The complaint filed in behalf of the board asserts that Pillsbury has refused to turn over the files held by him as county counsel for review by the board and that Pillsbury has failed to supply information concerning certain particular legal matters. It seeks judgment directing Pillsbury to turn over all files and records in the county in his possession for review by the board and ancillary relief.

It has been established that county counsel is an office (as distinguished from a position) and that a board of chosen freeholders is powerless to remove the occupant thereof, in the absence of cause, prior to the expiration of the statutory term for which the incumbent is appointed. Murphy v. Hudson Cty. Freeholders, 92 N.J.L. 244, 247 (E. & A. 1918). The court stated, in passing:

A similar holding was made by our former Supreme Court in Gallaher v. Camden Cty., 129 N.J.L. 290 (Sup. Ct. 1942). In that case the court reviewed two resolutions

[133 NJSuper Page 532]

adopted by the board of chosen freeholders. One of the resolutions removed plaintiff from the position of county counsel and the other resolution appointed another person to that position for a fixed term. At the time of the adoption of the resolutions plaintiff (like Pillsbury in the instant case) was an incumbent of the office of county counsel for a term of three years, which had not as yet expired.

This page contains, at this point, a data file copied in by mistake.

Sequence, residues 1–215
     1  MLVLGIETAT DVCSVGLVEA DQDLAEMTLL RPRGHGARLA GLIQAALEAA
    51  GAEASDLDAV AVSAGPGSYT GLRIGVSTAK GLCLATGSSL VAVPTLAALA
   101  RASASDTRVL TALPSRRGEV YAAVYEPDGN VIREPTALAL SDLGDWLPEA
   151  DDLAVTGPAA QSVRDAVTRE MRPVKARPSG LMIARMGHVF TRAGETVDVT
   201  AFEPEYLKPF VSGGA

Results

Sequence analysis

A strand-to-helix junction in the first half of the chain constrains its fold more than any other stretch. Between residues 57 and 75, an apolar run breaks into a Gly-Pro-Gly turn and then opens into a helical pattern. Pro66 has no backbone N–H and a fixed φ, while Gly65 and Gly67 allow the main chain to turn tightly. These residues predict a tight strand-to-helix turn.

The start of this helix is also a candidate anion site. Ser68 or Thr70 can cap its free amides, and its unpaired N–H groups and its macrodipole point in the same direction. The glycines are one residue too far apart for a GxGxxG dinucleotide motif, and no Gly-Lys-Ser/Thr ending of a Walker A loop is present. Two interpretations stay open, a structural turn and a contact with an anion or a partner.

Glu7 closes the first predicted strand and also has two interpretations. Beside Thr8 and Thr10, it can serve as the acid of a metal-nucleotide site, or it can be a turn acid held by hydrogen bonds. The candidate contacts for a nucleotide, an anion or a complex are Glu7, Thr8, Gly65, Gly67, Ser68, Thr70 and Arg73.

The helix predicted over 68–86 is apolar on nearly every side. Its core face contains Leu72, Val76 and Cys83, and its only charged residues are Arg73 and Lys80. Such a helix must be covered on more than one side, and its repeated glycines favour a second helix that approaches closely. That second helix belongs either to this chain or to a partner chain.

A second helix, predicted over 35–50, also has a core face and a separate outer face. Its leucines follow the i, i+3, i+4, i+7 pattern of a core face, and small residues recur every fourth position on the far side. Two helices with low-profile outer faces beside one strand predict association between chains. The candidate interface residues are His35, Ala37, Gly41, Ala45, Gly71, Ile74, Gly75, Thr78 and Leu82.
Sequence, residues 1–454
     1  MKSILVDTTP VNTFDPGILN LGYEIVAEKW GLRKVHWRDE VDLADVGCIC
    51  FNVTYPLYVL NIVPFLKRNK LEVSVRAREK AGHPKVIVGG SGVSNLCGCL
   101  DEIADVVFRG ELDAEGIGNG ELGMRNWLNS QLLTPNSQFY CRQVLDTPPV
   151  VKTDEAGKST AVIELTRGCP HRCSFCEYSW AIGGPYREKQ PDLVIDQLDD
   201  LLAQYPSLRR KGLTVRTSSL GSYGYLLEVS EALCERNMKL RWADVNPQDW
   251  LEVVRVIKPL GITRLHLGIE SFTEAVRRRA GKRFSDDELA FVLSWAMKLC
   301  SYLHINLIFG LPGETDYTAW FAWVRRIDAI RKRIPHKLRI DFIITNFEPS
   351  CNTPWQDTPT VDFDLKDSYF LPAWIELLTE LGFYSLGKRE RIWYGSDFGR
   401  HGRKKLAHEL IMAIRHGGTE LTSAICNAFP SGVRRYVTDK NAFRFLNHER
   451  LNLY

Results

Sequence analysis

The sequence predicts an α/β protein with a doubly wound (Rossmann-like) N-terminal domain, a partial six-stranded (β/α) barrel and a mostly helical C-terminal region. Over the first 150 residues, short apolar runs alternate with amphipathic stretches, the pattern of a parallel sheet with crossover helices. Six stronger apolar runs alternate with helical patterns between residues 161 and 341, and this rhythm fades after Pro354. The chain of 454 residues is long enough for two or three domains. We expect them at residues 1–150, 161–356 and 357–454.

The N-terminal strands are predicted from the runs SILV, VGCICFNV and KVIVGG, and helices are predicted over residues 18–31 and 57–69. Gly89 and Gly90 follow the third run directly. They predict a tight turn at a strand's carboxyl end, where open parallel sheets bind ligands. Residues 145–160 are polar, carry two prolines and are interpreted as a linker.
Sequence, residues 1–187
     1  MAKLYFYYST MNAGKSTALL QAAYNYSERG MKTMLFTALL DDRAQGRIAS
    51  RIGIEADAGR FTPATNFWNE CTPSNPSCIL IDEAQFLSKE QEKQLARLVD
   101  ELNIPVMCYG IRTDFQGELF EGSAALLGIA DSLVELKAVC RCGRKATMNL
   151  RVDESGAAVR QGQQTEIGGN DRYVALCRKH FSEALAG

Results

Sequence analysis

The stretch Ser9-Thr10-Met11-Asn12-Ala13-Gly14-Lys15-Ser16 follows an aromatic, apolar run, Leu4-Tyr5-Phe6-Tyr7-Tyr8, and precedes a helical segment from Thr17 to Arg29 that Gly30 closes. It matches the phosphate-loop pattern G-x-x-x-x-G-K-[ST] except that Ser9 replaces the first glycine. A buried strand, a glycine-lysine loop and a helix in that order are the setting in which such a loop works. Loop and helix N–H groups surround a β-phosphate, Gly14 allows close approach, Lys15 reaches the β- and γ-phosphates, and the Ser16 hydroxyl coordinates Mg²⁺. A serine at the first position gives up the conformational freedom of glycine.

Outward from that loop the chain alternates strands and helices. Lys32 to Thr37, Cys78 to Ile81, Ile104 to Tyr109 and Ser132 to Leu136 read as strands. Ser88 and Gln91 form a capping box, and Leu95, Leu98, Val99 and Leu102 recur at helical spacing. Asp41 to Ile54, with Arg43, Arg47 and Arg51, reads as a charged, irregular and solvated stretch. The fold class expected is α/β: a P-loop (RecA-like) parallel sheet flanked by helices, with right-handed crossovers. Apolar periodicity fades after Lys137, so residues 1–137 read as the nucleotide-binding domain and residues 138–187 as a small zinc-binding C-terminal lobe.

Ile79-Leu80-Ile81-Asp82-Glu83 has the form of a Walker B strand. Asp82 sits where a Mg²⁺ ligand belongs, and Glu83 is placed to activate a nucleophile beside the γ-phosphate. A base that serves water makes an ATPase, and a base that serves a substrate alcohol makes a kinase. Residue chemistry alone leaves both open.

Citing Murphy v. Hudson Cty. Freeholders, supra, the court likewise held that both resolutions were without authority -- the first because there was no statutory authorization for removal, and the second because there was no vacancy in the office and no statutory provision authorizing the appointment of more than one person to the office.

Even before Murphy and Gallaher, implicit in the holding of State, Hoxey, pros., v. Paterson, 40 N.J.L. 186 (E. & A. 1878), was a similar holding. There the city charter authorized the board of aldermen to annually appoint certain officers, including city counsel, to hold their several offices for one year, unless sooner removed for cause upon a two-third vote. The ordinances prescribed the duties of city counsel.